After some time, the wrist pin lock let go and ruined our engine. We got ahold of a 1955 265 cubic inch Chevy V8, put in a Dunton cam and two 4-barrels , and drove it in that form for a couple of years. In 1959 my brother was off to junior college in Bakersfield, and left me as a high school senior and in charge of the car. I courted my future wife in that car, much to the discontent of her father, who wasn't too sure about the car, or the kid!

In 1960, I too was off to junior college and we decided more dependable transportation was needed. We had a classmate from high school, Merle Hallmark, who really wanted the car, so we struck a deal. Cash was exchanged and I took over payments on his 1960 Impala. It was lowered in the front, had a 348 and a 4-speed. We hated to see the Model A go, but it was a practical decision. Merle painted the car a darker metallic blue and kept it for only 6 months, before selling it to John Dewitt, who had a hot rod shop in Bakersfield. Years later I visited his shop and saw the car in many pieces. He had plans for many modifications, including all new running gear. Again some years later I heard that John still had the car and I found him in a different location. I made an offer on the car, but he said he would never sell. And if anything ever happened to him, the car would go to his nephew, Sean Clason. In 1998, John died, but it wasn't until very recently that someone showed me a picture of the car, back on the street. Sean had history on the car and contacted me. He wanted to bring it out to show my brother and I the old car in its new form.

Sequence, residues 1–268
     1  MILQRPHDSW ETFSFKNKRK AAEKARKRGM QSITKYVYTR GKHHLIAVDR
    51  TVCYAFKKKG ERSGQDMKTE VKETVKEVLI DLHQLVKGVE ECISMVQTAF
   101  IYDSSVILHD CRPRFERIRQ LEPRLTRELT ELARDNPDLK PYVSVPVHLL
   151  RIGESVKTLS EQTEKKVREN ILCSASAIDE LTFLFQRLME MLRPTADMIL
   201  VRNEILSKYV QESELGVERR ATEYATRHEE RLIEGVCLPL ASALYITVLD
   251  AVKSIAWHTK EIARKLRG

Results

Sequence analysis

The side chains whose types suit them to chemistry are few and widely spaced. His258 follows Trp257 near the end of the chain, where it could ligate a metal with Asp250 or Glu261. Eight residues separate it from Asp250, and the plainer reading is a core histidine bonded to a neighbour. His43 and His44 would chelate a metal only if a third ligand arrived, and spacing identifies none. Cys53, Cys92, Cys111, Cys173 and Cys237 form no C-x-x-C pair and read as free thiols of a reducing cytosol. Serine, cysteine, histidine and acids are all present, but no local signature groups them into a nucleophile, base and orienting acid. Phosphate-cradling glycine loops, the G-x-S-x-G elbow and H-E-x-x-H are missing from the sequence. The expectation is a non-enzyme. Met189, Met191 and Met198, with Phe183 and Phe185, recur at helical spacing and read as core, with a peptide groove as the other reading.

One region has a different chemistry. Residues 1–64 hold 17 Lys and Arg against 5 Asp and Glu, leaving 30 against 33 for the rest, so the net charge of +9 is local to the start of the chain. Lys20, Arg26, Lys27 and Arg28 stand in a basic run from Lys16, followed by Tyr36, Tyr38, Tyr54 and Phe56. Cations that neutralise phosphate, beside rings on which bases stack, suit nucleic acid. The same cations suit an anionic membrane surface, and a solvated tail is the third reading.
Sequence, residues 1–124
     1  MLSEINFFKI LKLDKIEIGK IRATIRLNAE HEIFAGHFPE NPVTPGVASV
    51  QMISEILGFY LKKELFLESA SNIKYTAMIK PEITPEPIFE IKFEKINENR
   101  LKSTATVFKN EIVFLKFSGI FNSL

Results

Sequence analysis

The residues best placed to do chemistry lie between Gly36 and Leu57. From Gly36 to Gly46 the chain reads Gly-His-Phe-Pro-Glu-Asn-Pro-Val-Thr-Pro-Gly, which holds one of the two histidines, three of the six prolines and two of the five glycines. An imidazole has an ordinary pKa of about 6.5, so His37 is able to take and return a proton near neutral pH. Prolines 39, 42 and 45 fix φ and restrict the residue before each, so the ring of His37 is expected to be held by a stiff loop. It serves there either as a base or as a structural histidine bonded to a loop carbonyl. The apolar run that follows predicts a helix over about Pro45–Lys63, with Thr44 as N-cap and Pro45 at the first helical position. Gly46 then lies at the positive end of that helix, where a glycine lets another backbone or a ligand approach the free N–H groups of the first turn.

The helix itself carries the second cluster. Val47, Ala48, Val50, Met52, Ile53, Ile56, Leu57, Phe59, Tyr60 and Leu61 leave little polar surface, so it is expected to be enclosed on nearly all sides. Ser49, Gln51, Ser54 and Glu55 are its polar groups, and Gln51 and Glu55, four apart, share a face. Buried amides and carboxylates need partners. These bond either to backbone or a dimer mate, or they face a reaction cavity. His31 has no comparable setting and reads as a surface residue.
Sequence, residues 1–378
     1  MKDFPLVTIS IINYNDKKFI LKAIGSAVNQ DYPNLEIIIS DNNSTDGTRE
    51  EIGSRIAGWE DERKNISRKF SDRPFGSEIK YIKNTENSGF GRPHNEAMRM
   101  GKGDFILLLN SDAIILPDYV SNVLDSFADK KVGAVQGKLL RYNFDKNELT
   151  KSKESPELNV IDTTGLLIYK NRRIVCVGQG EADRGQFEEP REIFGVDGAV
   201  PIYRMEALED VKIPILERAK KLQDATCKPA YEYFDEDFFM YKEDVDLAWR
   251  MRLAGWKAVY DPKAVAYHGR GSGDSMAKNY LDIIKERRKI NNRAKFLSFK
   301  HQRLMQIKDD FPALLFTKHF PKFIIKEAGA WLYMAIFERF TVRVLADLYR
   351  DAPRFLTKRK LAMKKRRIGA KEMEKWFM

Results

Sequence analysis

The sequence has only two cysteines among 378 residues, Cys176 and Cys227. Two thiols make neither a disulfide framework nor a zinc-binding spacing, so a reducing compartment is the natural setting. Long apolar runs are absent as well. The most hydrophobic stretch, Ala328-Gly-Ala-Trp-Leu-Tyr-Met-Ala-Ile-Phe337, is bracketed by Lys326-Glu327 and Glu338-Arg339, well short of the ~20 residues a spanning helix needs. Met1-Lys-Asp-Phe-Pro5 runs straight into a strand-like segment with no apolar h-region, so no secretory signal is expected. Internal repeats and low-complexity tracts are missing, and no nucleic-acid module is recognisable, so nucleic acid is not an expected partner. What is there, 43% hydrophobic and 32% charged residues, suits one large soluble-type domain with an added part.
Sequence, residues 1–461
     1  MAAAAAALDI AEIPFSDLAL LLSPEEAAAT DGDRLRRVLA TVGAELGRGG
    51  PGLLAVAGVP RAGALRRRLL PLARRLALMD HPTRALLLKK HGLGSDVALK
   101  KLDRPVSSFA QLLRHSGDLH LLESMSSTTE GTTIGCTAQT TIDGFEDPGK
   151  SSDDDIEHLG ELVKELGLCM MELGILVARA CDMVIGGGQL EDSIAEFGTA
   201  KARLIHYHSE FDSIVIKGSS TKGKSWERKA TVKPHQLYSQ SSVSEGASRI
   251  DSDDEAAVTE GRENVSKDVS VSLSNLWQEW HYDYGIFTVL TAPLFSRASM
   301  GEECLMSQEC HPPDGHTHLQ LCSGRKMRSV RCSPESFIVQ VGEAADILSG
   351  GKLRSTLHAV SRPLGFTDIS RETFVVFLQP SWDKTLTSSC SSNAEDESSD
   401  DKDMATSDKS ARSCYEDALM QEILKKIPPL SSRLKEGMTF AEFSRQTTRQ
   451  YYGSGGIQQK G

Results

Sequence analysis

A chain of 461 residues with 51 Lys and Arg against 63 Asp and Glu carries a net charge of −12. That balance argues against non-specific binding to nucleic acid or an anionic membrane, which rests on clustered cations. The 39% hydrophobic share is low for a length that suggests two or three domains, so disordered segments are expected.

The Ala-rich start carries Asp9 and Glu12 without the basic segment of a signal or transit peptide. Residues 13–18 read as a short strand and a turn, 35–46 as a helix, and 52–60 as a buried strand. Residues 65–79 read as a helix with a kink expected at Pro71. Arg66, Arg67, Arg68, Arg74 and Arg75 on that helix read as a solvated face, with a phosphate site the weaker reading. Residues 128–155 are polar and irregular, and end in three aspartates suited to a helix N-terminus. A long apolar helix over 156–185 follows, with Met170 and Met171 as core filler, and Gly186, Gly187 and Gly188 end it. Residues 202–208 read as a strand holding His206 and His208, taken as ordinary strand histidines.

We arranged a date, Saturday, March 1st, and I decided we may as well make it a party, so I invited several friends and we had a hot rod gathering with about 60 people and 15 cars. Sean let me drive it for a run down the road in front of our house, the same road where we did our testing over 60 years ago. We posed the car in front of the old dairy barn, where it was built. 

I'm so glad to see the car came into the hands of Sean and his wife, Anna. They have their own story now. When you look back, it is amazing how a car and experience you gain working on it can influence your life, something I think may be completely lost on today's youth. 

My brother went on to get an engineering degree at Cal Poly, SLO and became a design engineer at Peterbilt Truck in Fremont, CA. After also graduating from Cal Poly and briefly being in the ag-trucking business, I came to a fork in the road. I considered becoming a crop duster pilot, as I already had my license, but eventually came back to the family ranch, which was a wise decision. 

I pursued flying as a hobby and competed in aerobatic competition for 20 years in a Pitts Special, a small biplane. I was eventually four-time California state champion in the advanced class and twice third in the nation in aerobatics. This also led to racing in the Reno Air Races several times. In 1995, my interests switched to restoring old classic wooden boats. I am currently racing a boat in a vintage race at Lake Tahoe. It has a highly modified, 600hp Jaguar V12 and goes fast. I'm also restoring a 1940 midget race car, which I hope will soon drive on the track in vintage racing. Five years ago, age 70, I decided to learn to fly a helicopter, and now also enjoy that form of flying. 

I don't know where it all ends, but I do know where it started; with a hot rod Model A.